Unfortunately, the quality of the stories is a little uneven. I didn't enjoy his descriptions of drug-taking and there is a tendency for authors (like Augusten Burroughs and Alan Bennett also) to keep up their show of hang-dog, slacker lifestyles long after they have become successful authors, presumably living in nice apartments and not doing crappy jobs. For instance, Sedaris says he returns to visit the USA, going round 13 cities in eight weeks but avoids mentioning that this is for a book tour. Such false modesty and disingenuity can begin to grate.

However, the good parts of the book are very good indeed and this is probably a good choice to start if you haven't read David Sedaris before.
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By MaMs on 8 Jun. 2014
Format: Paperback
I was recommended this book by my sister as she listens to him on pod cast/radio. I have never heard of David Sedaris. As other reviews states this book is about his own life and personal experiences, from child to adulthood. I can really relate to his sense of humor although this may not be to everyone's taste.

I personally don't read much non-fiction/biography genres. It is relatively easy to read and interesting "short stories". Perfect for taking on holiday with you! It was enjoyable to read as some chapters was quite funny and made me chuckle quietly, a book that makes you laugh is a good book in my opinion! He doesn't just look at his own life but also observes what is around him. His account on various events that has happened and his take on it is clever, funny and likable. If you can "make fun" of your life and not be ashamed of it then that's also a good thing. There was maybe one or 2 "stories" I found that either I didn't understand it or I didn't find it interesting. Other that that I thoroughly enjoyed the read.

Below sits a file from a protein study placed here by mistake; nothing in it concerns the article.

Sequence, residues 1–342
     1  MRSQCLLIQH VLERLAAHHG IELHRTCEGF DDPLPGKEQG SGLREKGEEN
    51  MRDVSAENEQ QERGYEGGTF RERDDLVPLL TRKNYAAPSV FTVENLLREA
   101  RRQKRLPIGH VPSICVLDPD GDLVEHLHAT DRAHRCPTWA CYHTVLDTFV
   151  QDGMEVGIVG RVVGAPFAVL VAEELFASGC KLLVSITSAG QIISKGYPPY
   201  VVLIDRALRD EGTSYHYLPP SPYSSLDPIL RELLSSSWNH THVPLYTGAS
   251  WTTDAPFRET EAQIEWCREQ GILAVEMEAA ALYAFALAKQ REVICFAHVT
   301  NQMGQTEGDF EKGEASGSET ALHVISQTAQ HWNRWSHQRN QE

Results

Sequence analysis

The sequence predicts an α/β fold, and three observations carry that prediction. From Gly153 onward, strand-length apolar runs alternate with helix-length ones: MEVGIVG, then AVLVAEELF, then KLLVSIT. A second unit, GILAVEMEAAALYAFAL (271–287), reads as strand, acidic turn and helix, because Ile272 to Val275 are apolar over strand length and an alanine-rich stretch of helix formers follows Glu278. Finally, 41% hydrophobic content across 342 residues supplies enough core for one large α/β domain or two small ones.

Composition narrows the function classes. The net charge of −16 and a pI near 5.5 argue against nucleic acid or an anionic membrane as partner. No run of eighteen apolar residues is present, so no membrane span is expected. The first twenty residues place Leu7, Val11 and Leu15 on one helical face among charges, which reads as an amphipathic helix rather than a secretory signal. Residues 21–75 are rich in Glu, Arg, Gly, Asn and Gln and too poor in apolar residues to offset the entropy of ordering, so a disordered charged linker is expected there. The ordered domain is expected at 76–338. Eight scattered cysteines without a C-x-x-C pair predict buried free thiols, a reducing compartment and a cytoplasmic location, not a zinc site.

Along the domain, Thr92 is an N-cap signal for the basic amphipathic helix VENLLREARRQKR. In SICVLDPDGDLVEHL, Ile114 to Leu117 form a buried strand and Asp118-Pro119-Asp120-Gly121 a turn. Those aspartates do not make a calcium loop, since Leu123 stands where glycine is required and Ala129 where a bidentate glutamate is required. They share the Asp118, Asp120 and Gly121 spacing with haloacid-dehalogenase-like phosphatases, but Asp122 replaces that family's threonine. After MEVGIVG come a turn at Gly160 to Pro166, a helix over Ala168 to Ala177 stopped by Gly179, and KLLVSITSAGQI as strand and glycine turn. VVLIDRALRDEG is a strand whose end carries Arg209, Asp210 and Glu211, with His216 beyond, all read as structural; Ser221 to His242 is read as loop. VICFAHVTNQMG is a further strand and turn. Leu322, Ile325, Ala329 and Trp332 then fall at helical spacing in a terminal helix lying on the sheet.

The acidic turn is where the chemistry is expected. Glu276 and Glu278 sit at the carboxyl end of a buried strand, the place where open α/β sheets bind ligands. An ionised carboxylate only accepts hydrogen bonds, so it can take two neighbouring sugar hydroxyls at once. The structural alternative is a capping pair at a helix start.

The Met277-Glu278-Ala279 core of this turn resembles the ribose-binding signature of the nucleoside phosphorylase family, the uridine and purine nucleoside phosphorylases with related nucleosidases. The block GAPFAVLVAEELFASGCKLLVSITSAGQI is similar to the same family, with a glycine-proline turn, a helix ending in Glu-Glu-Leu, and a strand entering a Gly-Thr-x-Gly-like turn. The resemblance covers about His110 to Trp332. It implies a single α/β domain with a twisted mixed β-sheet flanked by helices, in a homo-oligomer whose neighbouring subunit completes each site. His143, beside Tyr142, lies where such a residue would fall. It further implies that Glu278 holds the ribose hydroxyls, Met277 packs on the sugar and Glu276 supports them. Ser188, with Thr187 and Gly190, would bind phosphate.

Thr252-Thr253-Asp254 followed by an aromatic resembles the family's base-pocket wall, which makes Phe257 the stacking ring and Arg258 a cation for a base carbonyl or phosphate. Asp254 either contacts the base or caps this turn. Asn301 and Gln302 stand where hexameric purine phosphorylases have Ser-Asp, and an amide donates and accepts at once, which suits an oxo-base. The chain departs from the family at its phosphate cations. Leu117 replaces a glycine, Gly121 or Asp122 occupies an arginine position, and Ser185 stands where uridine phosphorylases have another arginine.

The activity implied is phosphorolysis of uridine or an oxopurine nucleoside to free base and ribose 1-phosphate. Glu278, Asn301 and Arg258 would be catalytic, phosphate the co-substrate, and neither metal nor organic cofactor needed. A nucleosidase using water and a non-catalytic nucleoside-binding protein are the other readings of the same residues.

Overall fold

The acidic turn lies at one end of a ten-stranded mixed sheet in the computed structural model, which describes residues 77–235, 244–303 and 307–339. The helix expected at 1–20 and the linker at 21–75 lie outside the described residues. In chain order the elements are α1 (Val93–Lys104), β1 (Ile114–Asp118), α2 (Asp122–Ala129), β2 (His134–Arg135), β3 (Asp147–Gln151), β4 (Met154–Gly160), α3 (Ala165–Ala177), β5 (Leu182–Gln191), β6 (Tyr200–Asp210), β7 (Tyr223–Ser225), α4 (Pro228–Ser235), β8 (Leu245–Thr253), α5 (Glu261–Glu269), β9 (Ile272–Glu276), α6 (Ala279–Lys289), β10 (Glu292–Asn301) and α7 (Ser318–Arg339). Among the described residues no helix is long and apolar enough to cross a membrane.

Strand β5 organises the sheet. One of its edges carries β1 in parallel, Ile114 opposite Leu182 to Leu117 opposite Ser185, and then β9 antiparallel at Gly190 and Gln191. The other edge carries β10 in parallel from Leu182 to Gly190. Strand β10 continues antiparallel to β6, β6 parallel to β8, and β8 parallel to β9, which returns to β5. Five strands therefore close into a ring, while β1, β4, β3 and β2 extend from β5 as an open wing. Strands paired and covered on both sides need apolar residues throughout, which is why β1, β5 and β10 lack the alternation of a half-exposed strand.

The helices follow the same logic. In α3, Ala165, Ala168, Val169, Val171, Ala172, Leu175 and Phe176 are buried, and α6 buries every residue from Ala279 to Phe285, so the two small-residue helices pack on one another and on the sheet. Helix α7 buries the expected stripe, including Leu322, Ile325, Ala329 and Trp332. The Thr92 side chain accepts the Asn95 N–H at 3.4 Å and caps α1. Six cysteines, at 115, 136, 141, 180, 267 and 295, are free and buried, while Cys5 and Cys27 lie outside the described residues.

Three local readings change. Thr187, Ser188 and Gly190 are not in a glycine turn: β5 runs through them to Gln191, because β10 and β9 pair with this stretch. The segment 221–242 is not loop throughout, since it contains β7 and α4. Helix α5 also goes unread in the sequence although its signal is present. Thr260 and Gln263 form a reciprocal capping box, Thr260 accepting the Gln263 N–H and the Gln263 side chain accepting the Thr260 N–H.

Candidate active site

I would recommend this book to anyone who wants a good read, needs cheering up and wants some sort of reality.
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1 of 1 people found the following review helpful By K. J. Noyes TOP 500 REVIEWER on 22 Mar. 2013
Format: Paperback
Funny. I can't remember why I put this on the 'to read' list (was it a USA WBN choice?), but I enjoyed the few hours I spent reading anecdotes from Sedaris's life. Though occasionally harrowingly honest (the chapter relating his drug-addicted years), for the most part the stories are warm and witty and very entertaining. That so much so funny could happen to one man is hard to believe, but it did make me smile.